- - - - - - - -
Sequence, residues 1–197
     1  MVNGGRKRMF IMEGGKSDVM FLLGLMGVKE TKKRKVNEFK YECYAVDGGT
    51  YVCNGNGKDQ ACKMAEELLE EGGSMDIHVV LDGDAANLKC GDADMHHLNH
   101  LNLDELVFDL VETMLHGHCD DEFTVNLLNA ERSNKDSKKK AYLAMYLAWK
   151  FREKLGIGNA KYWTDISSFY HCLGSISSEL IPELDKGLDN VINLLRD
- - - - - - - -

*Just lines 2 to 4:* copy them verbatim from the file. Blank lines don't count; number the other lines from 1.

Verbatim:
     1  MVNGGRKRMF IMEGGKSDVM FLLGLMGVKE TKKRKVNEFK YECYAVDGGT
    51  YVCNGNGKDQ ACKMAEELLE EGGSMDIHVV LDGDAANLKC GDADMHHLNH
   101  LNLDELVFDL VETMLHGHCD DEFTVNLLNA ERSNKDSKKK AYLAMYLAWK